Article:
Preferably, the suppression tanks 12 are located within a suppression structure 26 made of concrete to shield any radioactivity contained within the structure 26, i.e., from tanks 12 made radioactive by their contents, and to protect the system from any environmental missiles.
The suppression structure 26, seen in FIG. 4, has openings 28 at the bottom thereof which allow ambient air to enter the structure 26. Of course, other means of providing ambient air may be utilized such as providing openings at the top of the suppression structure and appropriate ducting to direct the inlet ambient air to the bottom of the tanks 12, etc. The ambient air passes over the suppression tanks 12, removing heat from the tanks 12, and the heated air exits through openings 30 at the top of the structure 26. Each suppression tank 12 is optionally enclosed within a shroud 46 which can be shaped either as a polygon 46a or in the form of a circle 46b. The function of the shroud 46 is to minimize air turbulence and thus assure a uniform and low pressure drop flow path thereby enhancing the natural circulation of the ambient air.
The roof of the structure 26 is designed with consideration for shielding and missile protection from the external environment. Known shielding materials can be used in the roof and the shape of the roof can include offset openings, as shown in FIG. 4, wherein radioactivity from the suppression tanks 12 after a failure cannot shine to the overhead sky and reflect back to the earth surface.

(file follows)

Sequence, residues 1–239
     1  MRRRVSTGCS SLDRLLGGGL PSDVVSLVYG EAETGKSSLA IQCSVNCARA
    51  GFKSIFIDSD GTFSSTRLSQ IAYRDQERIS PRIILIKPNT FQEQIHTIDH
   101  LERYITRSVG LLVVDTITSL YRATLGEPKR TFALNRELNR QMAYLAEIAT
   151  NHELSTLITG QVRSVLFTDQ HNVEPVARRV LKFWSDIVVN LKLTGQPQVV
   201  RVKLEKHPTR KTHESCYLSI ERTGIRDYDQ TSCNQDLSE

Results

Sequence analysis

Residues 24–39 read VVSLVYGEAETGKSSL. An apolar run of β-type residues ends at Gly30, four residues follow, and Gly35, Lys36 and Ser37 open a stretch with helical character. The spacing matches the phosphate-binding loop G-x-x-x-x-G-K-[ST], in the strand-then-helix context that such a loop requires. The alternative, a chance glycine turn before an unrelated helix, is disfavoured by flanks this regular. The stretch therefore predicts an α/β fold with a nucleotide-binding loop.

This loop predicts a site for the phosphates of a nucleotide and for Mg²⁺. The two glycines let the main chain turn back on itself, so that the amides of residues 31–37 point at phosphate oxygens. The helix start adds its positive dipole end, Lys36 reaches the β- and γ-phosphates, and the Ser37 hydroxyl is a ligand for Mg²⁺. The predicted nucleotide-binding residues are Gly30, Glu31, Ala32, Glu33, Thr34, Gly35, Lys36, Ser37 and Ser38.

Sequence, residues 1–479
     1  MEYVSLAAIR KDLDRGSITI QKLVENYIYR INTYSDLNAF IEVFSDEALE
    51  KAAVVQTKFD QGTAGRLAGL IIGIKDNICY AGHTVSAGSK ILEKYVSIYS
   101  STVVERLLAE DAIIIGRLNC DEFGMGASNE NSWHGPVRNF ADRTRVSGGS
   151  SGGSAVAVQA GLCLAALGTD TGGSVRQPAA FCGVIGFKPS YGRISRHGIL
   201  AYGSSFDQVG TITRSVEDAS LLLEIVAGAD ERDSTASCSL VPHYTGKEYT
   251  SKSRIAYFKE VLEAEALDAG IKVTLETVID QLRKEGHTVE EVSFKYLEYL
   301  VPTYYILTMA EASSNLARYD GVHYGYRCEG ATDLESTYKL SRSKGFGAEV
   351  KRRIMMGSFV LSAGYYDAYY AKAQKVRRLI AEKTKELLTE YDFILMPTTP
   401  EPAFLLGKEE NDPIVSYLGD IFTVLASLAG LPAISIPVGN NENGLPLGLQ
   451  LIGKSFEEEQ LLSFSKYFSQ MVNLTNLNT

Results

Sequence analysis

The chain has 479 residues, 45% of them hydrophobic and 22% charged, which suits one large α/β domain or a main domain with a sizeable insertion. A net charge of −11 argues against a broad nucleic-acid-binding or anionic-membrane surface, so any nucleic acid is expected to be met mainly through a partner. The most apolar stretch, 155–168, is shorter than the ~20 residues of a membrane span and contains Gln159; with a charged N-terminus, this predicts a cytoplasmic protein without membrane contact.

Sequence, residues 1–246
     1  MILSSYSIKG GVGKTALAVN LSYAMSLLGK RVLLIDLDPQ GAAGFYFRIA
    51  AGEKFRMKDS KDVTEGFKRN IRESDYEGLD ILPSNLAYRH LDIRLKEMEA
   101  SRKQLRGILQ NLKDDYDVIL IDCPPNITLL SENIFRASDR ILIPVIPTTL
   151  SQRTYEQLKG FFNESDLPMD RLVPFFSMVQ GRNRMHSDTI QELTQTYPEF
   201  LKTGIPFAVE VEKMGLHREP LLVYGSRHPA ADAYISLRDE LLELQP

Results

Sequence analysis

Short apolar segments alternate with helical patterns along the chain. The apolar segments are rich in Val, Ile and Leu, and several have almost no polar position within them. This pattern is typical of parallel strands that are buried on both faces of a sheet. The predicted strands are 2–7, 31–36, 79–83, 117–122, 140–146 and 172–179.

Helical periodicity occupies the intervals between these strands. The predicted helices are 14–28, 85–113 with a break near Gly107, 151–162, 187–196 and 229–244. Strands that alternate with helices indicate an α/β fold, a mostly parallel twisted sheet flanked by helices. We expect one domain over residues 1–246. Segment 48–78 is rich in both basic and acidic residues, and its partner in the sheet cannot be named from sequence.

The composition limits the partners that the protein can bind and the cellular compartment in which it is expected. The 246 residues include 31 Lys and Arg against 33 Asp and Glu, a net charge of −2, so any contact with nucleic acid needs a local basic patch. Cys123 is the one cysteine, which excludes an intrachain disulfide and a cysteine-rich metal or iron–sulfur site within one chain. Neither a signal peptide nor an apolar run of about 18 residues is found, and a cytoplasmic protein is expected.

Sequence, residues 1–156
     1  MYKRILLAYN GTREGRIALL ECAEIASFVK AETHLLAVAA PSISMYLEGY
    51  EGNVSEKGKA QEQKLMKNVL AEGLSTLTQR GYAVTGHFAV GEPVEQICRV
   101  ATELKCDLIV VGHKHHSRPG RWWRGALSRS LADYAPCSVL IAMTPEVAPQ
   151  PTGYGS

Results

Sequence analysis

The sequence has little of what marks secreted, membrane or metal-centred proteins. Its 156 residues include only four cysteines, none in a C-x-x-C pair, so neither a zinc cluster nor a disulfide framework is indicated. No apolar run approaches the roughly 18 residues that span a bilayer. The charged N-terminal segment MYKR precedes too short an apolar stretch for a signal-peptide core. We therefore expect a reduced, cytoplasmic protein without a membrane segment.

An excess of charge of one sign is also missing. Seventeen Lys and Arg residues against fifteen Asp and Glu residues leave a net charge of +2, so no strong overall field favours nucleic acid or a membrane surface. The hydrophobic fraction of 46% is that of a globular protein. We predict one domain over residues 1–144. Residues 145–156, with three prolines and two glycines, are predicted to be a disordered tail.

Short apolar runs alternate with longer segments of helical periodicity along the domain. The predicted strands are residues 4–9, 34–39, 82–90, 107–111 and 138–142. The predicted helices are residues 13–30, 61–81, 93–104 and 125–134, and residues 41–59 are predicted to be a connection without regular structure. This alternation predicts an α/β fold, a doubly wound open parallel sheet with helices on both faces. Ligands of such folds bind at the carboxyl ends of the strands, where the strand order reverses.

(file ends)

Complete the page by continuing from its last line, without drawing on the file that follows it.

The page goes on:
It has been the practice in the United States to examine a spectrum of pipe breaks up to and including the double ended rupture of the largest pressurized piping within the primary containment. For each case, the resulting pressure and temperature need to fall within the containment design values.
Severance of piping containing reactor coolant results in a depressurization of the reactor coolant system and the entire primary coolant inventory needs to be accommodated by the pressure suppression system. For a pressurized water type of reactor, the main steam or feedwater line breaks release only limited amounts of energy before the system isolation valves close and terminate the event.
During a pipe failure or accident within the reactor compartment 6, the pressure within the compartment 6 will rise due to the energy of the fluid within the pipe. The pressure rise sweeps the ambient gas (usually nitrogen to avoid combustion) within the reactor compartment 6, as well as the steam formed during the LOCA, into the vent line 10. The steam/gas mixture then enters each suppression tank 12 via downcomer lines 14 which terminate well below the water level 16 in each of said tanks 12.